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Photoelectric Effect in Hydrogen
Michael Fowler 3/26/10
Introduction
In the photoelectric effect, incoming light causes an atom to eject an electron. We consider the
simplest possible scenario: that the atom is hydrogen in its ground state. The interesting question
is: for an ingoing light wave of definite frequency and amplitude, what is the probability of
ionization of a hydrogen atom in a given time?
In other words, assuming we can use time-
dependent perturbation theory, what is the ionization rate?
Formally, we know what to do.
We must find the interaction Hamiltonian
1
H
, then use Fermi’s
Golden Rule for the transition rate with a periodic perturbation:
(
)
2
1
2
i
f
f
i
R
f H
i
E
E
π
δ
ω
→
=
−
−
But it’s not that easy!
For one thing, the outgoing electron will be in some kind of plane wave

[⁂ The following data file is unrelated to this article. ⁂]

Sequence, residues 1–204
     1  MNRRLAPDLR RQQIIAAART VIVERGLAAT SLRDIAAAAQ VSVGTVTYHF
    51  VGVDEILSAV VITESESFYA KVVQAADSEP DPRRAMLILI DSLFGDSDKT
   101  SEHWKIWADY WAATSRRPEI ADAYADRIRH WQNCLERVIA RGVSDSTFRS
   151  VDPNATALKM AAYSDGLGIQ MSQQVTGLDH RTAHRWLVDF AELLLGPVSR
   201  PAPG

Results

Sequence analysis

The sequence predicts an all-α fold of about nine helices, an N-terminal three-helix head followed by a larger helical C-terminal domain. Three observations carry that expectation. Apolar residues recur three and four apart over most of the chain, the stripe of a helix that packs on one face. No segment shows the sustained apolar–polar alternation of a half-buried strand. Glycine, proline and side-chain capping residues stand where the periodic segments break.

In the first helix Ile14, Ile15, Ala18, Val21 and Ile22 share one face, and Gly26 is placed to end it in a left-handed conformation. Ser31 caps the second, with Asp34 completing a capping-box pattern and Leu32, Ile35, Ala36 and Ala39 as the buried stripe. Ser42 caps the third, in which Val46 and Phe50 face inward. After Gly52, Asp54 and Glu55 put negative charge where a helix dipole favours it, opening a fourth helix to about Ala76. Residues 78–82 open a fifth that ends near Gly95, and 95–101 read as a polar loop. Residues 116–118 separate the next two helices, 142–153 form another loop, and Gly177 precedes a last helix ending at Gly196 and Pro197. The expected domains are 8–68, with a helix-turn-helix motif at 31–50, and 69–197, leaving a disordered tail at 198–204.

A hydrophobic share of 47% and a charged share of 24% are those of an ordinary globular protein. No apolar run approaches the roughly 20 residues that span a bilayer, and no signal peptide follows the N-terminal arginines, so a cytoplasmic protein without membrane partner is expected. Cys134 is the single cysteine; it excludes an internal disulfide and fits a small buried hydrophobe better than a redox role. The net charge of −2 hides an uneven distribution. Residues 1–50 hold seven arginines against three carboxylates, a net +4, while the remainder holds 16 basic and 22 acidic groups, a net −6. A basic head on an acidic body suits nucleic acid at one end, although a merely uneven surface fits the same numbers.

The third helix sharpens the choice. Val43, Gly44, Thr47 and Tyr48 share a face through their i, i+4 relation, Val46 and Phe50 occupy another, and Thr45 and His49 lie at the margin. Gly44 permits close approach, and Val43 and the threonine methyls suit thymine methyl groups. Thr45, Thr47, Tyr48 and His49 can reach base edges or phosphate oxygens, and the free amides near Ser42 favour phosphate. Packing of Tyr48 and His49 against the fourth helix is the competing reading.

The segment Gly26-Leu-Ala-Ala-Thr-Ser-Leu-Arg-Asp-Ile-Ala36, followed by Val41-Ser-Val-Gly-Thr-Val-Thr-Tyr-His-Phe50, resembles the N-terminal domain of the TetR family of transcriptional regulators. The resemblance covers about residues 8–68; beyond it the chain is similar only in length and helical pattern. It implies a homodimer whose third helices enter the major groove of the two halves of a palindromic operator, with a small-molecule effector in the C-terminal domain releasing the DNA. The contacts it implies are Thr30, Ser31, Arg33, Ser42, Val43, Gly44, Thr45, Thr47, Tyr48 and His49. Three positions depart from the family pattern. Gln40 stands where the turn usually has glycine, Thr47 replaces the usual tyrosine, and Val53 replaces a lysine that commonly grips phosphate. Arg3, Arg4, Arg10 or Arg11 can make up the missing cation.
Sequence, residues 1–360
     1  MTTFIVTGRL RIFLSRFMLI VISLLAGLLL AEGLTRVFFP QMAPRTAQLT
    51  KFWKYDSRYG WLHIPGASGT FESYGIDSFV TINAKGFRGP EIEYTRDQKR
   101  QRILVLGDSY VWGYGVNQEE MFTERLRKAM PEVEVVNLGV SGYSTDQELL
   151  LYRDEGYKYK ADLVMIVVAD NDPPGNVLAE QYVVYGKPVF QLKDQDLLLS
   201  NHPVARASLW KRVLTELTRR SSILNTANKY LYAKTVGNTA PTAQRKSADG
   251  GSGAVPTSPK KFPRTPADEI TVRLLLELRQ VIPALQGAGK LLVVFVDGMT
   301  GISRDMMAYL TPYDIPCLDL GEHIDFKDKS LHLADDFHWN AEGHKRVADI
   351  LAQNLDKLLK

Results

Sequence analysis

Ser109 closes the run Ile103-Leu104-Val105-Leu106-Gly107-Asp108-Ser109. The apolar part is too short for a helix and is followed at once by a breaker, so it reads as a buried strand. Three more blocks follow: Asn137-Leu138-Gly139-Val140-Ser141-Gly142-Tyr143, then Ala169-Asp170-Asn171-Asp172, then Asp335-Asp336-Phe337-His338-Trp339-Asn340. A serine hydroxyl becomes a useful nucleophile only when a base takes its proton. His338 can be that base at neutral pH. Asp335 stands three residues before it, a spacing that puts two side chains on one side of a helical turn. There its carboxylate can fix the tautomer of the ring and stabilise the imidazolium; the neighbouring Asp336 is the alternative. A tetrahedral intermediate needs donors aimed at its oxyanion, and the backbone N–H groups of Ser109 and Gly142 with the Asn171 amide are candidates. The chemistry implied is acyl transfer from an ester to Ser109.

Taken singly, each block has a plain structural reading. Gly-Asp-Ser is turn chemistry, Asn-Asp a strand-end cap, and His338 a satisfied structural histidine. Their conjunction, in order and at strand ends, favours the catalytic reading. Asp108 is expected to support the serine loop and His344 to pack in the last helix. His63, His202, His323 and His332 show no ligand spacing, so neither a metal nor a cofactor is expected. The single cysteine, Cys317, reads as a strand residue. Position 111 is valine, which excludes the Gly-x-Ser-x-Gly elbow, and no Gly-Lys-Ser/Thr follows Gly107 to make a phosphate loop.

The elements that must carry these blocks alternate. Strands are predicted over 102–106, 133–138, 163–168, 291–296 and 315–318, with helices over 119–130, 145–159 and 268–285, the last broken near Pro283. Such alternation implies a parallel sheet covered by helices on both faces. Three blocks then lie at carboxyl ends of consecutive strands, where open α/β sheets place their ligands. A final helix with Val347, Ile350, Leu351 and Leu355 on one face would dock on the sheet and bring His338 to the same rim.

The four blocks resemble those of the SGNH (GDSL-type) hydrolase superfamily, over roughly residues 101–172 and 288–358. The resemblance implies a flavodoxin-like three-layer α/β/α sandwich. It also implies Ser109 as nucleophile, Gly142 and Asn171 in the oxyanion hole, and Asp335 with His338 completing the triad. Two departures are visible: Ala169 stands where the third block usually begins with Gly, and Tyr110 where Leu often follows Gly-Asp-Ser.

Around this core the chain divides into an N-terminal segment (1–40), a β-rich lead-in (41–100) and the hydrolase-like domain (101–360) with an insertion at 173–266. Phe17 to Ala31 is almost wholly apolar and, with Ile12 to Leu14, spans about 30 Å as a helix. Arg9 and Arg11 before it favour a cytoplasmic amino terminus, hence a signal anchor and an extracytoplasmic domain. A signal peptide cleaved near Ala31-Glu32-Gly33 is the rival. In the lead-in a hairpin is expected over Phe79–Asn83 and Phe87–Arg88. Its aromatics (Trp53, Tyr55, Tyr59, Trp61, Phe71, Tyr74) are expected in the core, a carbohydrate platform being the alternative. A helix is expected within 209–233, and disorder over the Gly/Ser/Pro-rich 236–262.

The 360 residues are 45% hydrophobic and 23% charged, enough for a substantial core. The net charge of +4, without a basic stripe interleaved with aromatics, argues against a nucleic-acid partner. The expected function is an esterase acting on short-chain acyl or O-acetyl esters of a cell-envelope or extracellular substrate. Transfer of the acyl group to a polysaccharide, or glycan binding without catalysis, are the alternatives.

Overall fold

state, so whatever convention we adopt for normalizing such states appears in the rate.
But also
the
δ
function is tricky for excitation into the continuum: just how many of these plane wave
states satisfy
f
i
E
E
ω
=
+
?
We shall discover that with a consistent formalism, these two
difficulties cancel each other.
The Interaction Hamiltonian
Taking the incoming wave to be an electromagnetic field having vector potential
(
)
(
)
0
,
cos
A r t
A
k r
t
ω
=
⋅
−
The interaction Hamiltonian is given by replacing the electron kinetic energy term
2
/ 2
p
m
with
(
)
2
/
/ 2
p
qA c
m
−
.
The relevant new term is
(
)
(
)
(
)
(
)
1/ 2
/
/
m
q c
p A
A p
e mc A p
−
⋅
+
⋅
=
since
q
=
−
e
and
0
A
∇⋅
=
in our gauge.
Therefore
(
)
(
)
(
)
(
)
1
0
0
cos
.
2
i k r
t
i k r
t
e
H
k r
t
A
p
mc
e
e
e
A
p
mc
ω
ω
ω
⋅ −
−
⋅ −
=
⋅
−
⋅
=
+

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